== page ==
Women’s struggle in the workplace during this period has attracted the attention not only of notable professors such as Cynthia Bowman. Young scholars who are making their first steps in the investigation of historical processes are also interested in these issues. Corinne Fox, who is a recent alum of the American Military University, dedicated her master’s degree to the political and legal processes involving women in the 19th century, giving a particular priority to the never letters between a Civil War General Joshua Lawrence Chamberlain and his wife Fannie (Fox 36). In her article “American Women in the 1950s: The Years Between the War and Liberation,” Fox analyzes the problems encountered by females in the 1950s. After the end of World War II, Fox claims, many men and women were eager to return to the standard gender-oriented division of labor and responsibilities, believing that it would help them build a happy household (30).
Another reason why women were perceived as unreliable workers were the threat to the patriarchal perception of males as breadwinners. As long as women remained at lower, less paid positions, those who returned from the war were confident that their job would be restored and they could continue being the breadwinner in their family (Fox 33). An interesting point is made by the head of the plant in the mentioned 1940s short film, which reflects how women’s qualification for certain types of work was seen: “women don’t mind routine repetitive work and they are particularly good at work that requires high finger dexterity or an unusual sense of accuracy” (“1940’s Guide to Hiring Women”). As can be seen, the common belief was that women were only good for low-skilled, repetitive work that did not demand a creative or thoughtful approach.
Women’s Liberation or Further Discrimination?
While it is true that the 1940s, due to the wartime, provided women with career opportunities, as soon as the war had ended, women returned to their roles of homemakers and mothers. Fox states that historians are not ready to acknowledge that the rate of employed women after World War II continued to increase, as many of them were unable to advance their careers since the household was their primary responsibility (34). Many women abandoned their well-paid positions during the postwar era because their presence in the public space was unwelcome, and lower wages and sexism at the workplace only interfered with their ability to fight for economic freedom.
A good example of a sexist approach perceived as a norm is demonstrated in the Guide to Hiring Women, where the male employee teaches the female employee how to wear a safety cap. Two variants of approaching the woman are shown: a stricter one and a friendly one. The head of the plan emphasizes that the second approach is the preferred one. An interesting point that the woman makes in this video is that she did not think about how safety caps were designed to protect her hair from the drill chuck (“1940’s Guide to Hiring Women”). The video has at least two messages: women might not be aware of the importance of workplace safety and that a patronizing approach is better than an equal one.
Thus, it is difficult to state whether career opportunities in the postwar era were indeed opportunities, as due to the sexist, discriminatory, and patronizing approaches women in the workplace were forced to choose housework and family care. Although the postwar era is perceived by some historians and gender researchers as the time when women’s awareness of their liberation increased, discrimination of women remained, and in some ways was even more gender-biased compared to the 1930s. Fox points out that during the Great Depression, women were encouraged to earn money for the family, as long as they had lower wages compared to men (31). At the same time, Bowman argues that employed women were frowned upon because they were taking positions that men who had to support their families could apply for (4). As can be seen, the perception of women in the workplace changed depending on economic issues that the USA experienced, social perceptions, and shifts in society as a whole.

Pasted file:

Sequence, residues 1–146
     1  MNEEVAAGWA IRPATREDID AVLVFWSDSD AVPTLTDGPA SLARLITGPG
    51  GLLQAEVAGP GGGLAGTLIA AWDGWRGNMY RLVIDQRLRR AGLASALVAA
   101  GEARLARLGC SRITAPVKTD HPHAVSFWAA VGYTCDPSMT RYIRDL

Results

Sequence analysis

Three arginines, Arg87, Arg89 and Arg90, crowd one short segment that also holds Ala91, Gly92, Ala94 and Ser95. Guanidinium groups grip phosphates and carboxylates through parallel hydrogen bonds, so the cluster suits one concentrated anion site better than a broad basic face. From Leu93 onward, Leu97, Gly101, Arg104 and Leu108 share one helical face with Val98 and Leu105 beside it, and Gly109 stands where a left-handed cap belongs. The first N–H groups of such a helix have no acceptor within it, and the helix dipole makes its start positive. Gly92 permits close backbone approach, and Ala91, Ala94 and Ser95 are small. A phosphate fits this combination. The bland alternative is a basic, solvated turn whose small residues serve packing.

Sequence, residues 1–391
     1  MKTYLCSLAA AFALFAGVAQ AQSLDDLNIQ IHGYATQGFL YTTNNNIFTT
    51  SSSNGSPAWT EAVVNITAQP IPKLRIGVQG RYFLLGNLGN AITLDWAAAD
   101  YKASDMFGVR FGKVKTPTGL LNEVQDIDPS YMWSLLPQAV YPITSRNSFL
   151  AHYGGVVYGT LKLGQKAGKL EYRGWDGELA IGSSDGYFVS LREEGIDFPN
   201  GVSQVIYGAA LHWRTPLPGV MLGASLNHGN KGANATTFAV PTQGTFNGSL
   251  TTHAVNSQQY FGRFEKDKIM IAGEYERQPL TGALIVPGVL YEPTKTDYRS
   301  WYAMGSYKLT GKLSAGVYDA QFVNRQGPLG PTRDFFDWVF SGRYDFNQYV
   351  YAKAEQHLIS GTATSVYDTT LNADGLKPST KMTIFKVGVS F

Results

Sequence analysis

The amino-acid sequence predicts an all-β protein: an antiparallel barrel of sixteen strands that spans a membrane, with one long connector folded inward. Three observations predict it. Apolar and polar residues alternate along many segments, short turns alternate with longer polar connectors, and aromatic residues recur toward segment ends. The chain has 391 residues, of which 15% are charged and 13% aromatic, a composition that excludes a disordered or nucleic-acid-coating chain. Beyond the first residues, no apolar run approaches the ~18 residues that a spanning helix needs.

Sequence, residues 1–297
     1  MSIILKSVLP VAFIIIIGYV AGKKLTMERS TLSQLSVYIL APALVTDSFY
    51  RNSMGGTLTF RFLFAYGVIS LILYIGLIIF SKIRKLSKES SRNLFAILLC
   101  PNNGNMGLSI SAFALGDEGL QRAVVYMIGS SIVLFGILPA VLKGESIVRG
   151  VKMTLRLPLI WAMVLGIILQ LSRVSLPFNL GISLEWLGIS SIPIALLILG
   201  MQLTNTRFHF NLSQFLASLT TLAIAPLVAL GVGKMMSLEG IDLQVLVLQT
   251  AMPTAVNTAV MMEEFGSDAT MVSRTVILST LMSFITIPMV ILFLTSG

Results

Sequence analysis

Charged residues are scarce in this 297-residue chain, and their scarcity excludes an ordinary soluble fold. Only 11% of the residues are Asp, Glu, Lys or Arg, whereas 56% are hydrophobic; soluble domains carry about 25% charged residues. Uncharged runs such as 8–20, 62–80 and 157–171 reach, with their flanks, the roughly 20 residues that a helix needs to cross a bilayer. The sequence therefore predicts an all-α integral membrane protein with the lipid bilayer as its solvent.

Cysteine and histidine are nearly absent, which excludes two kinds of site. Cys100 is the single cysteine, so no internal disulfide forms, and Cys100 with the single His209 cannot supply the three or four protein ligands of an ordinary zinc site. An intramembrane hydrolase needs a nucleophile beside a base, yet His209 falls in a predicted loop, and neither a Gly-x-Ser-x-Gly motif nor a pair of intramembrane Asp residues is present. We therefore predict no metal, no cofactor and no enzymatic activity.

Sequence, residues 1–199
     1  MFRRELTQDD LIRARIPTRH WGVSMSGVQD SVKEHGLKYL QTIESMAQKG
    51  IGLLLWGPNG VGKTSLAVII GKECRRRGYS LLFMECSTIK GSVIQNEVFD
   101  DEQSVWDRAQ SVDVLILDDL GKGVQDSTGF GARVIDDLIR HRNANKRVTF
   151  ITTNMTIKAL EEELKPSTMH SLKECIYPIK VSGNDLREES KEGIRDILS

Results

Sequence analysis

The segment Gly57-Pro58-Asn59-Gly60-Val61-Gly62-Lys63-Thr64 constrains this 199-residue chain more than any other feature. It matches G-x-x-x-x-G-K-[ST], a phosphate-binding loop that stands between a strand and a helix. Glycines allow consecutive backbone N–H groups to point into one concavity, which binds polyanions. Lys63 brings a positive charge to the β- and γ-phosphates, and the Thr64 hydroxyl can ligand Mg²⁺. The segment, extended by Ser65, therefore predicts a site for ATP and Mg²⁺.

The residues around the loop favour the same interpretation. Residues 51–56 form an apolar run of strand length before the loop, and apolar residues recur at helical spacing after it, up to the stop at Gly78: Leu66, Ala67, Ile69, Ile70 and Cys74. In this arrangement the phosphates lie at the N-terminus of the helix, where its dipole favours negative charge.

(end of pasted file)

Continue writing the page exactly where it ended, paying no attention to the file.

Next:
The situation did not change much in the 1950s since firms were still reluctant to hire women. Such reluctance was explained by the fact that clients of law firms, for example, did not want female lawyers to represent them (Bowman 8). The discrimination went beyond the hiring process; women lawyers were asked to lunch and dine in a separate room, where there were no male lawyers, as well as use separate entrances in some cases (Bowman 9). Women were unlikely to specialize in business law as well, but this tendency was presented as “their choice” rather than discrimination.
The anthology aims to shed light on issues surrounding workplace discrimination of women during the postwar era. An important notion here would be that the discrimination was not only related to lower wages or sexist approaches but also included physical segregation and questioning of the mental and cognitive abilities of female employees. Although the general belief is that with the advancement of progress, women’s rights also improved, it might be incorrect, as this area was profoundly affected by transformations and changes in public space and the society. They were not always positive or promising to women. Furthermore, societal perceptions of women could also be even more influential than policies, as they affected women’s self-image and self-perception, emphasizing their role that depended on economic and social processes in the state. The anthology’s purpose is to demonstrate how women’s working value changed in the postwar era.
Bowman, Cynthia Grant. “Women in the Legal Profession from the 1920s to the 1970s: What Can We Learn from Their Experience about Law and Social Change.” Maine Law Review, vol. 61, no. 1, 2009, pp. 1-26.
“Cynthia Grant Bowman.” Cornell Law School, n.d., Web.
Fox, Corinne. “American Women in the 1950s: The Years Between the War and Liberation.” Saber and Scroll, vol. 2, no. 3, 2013, pp. 30-36.
“1940’s Guide to Hiring Women.” YouTube, uploaded by Glamour Daze. 2013, Web.